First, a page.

Suzanne Caines has been teaching high school English in public school settings in New Jersey for thirty-four years. She grew up on the West Coast, graduated from the University of Oregon, and later earned a master’s degree at Montclair State University, where she wrote her graduate thesis on using mindfulness and meditation to improve learning conditions in high school classrooms. She currently publishes a biweekly education blog on her website teachingandbeing.com. She resides in New York City with her husband and has one grown daughter and three grown stepchildren. This post originally appeared on Norton’s K–12 Talk blog in September 2021. Check out their blog for additional educational resources and teaching tools.
Like every teacher I know, I was really looking forward to business as usual this fall. I was excited to hug my colleagues hello after a long summer break and to chat casually with students in the hall; to greet them with a smile as they walked through my door and to celebrate a classroom in which every single desk was filled.
In fact, I was going to start this post with a past-tense statement about how the pandemic taught us all so much about teaching and learning. How all this unexpected pivoting had given us new tools: tools that helped us to be more flexible, more responsive—more effective.
But alas, and in the words of baseball legend Yogi Berra, it feels a lot like déjà vu all over again.
Back to school we go, this time with a scarier version of Covid, classrooms full of students, still masked and many here for the first time in over a year, a list of confusing and quickly changing mandates—and a whole lot of uncertainty. As I prepare to meet my students next week, I think about the latest educational buzz phrase—trauma-informed teaching—and what it really means. The words plant a question in me, and as I work to keep my own disappointment and fear at bay, I ask myself: What is THE absolute best thing I can do for my students? It doesn’t take me long to land on the realization that getting to know my students and making time for them to get to know each other, i.e., community building, has to be the first order of business.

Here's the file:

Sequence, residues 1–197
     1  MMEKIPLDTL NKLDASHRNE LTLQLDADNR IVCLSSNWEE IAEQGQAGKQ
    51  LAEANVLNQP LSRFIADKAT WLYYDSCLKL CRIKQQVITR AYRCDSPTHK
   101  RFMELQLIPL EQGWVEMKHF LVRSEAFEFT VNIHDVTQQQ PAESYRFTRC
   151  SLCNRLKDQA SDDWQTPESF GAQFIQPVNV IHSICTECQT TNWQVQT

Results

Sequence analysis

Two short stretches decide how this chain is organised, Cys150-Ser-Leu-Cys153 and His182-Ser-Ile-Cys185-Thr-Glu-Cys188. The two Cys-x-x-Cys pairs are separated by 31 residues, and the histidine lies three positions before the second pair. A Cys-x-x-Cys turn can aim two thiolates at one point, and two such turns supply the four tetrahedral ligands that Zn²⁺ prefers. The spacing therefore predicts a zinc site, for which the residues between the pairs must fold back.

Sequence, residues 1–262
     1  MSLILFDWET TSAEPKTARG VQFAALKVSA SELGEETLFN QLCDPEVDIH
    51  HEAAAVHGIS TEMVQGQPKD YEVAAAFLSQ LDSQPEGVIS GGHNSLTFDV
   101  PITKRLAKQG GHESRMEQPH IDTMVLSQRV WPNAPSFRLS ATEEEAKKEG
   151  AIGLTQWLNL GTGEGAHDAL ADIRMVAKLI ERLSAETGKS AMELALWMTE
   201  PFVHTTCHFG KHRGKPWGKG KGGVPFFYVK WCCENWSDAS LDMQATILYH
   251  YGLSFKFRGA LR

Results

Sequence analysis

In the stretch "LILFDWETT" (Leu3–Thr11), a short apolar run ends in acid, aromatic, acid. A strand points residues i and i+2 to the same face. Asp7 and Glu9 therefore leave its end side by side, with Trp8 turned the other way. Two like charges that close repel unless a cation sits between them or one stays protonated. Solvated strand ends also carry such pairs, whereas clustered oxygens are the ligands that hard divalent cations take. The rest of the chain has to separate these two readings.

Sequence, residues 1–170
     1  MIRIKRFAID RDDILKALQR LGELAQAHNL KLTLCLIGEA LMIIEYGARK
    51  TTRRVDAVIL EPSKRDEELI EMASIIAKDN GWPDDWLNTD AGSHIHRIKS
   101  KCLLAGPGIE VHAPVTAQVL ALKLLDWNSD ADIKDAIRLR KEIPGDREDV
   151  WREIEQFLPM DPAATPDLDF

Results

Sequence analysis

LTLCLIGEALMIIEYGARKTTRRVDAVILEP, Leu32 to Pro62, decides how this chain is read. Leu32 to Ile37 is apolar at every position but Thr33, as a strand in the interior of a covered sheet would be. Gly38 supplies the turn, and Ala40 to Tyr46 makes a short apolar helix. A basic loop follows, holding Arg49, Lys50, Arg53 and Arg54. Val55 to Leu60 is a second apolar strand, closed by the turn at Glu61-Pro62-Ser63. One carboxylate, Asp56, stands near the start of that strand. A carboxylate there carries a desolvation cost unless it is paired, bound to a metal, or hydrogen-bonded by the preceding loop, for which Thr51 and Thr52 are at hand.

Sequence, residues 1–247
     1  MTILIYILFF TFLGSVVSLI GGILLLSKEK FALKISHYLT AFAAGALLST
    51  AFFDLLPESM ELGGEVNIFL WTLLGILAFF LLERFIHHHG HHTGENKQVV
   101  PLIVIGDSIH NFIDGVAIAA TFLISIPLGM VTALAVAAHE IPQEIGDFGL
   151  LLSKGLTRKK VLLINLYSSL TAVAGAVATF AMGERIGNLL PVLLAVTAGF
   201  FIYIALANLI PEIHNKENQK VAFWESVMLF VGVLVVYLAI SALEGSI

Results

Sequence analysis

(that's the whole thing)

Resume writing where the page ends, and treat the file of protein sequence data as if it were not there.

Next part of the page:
Of course, I realize that community doesn’t happen overnight. Rapport and trust, the cornerstones of strong community in any classroom, develop over time. I do think, however, that there is a way I can prioritize relationship-building in the first days and weeks of school and that this choice will signal to my students that my class is not a place where they sit passively taking in information, but rather a place where they are an important part of a close-knit community.
The following activities are fairly simple and are easy to implement in any high school classroom. I plan to use some of them in my 12th grade English classes in the days and weeks ahead. Each activity is aimed at cultivating relationships by breaking down the barriers between people. Some are icebreaker-type activities; others are activities in which students identify and share their own values and passions; and yet others are aimed at helping to create a consistent tone of empathy, cooperation, and kindness in the classroom. At the very least, these activities can promote conversation and laughter, and in the best cases, they lay the foundation for authentic relationships in the classroom—and the kind of strong community that makes students feel comfortable, engaged, and ready to learn.
For the past fifteen years, I have started every high school English class I teach with a short silent meditation. Done with consistency, this activity can set the tone for the class and help to improve student focus, concentration, and class cooperation. (For more information on this, see my article.)
Two Truths and a Lie